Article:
5 Steps for Effective Cash Flow Budget Planning
 Finance & Accounting

5 Effective Ways to Improve Budget and Cash Flow Planning

Rick Johnson
Rick Johnson
November 9, 2022
Last updated on:

November 9, 2022


Read time: 6 mins

Forecasting cash flows and cash flow reporting utilizing actual results are two critical activities that go hand in hand. Cash flow forecasting, also known as cash flow budgeting, forms the core of the financial process of any business.

A cash flow budget guides you to make the right decisions to ensure comfortable liquidity for the business. An accurate and detailed cash flow forecast would help organizations anticipate cash flow issues and resolve them on time.

It must be noted that constant review of this forecast with actual cash flow is crucial for keeping the company afloat. An annual cash flow forecast should be continually adjusted for the timing of actual receipt and disbursement of cash.

A number of steps are required to create a cash flow budget and for controlling cash flow. There are two key factors that go into the preparation of cash flow budgeting: one is the cash inflow (receipts) and the other is the cash outflow. In order to accurately forecast these figures, you might have to make a number of assumptions about how your business will be operating. Read on to find out the steps involved in preparing a cash flow budget.

Steps Involving a Cash Flow Budget

1. Determining Cash Inflows:

  • The first step is to take your P&L statement and predict future cash receipts based on the sales figures. The best place to start would be by looking at sales in previous years. This would help identify trends and patterns in sales.
  • One can then identify internally (e.g. changing product pricing) and external (e.g. industry pricing changes) factors that might have an impact on the current period. When it comes to price changes, look at the timing and quantum of price changes. You might also need to factor in the impact of seasonality when predicting sales. For instance, a business selling air conditioners cannot expect the same kind of sales in summer and winter.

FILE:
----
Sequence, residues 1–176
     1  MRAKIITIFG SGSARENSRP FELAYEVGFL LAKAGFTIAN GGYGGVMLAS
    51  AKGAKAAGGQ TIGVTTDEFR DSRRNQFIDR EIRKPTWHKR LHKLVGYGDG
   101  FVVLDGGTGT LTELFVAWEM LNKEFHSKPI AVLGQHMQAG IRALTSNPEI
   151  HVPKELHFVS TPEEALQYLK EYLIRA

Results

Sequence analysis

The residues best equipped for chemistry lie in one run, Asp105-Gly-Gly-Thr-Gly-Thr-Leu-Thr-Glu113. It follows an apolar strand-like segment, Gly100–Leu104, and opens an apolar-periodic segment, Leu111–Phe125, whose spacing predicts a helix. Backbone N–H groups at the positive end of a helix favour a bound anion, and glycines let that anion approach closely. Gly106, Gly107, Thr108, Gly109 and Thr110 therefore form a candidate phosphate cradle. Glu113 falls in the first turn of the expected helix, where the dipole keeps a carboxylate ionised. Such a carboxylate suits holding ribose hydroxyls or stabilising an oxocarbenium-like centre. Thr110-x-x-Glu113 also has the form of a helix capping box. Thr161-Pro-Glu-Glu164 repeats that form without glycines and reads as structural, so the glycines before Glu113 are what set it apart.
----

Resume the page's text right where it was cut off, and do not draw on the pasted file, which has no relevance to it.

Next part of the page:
• Once you predict realistic sales for the period, it needs to be broken down into cash receipts (i.e. when would the cash from customers come in).
  • Next is to identify the pattern in debtor remittances. To facilitate this, you could prepare an ‘aged’ list of your receivables. This would show the actual payment terms being taken. For example, you might see that sale happens in one month while the total cash is received only the next month. This is because sales might involve cash as well as credit sales and the credit could be for 30, 60, or even 90 days. For instance, you might receive 60% on sale, 20% within a month, and the rest within another fortnight.
  • Furthermore, start considering cash receipts other than those from the sale of goods and services. These could include deposits or part payments on contracts, supplier rebates, insurance claims, new loans, or cash from shareholders.

2. Determining Cash Outflows: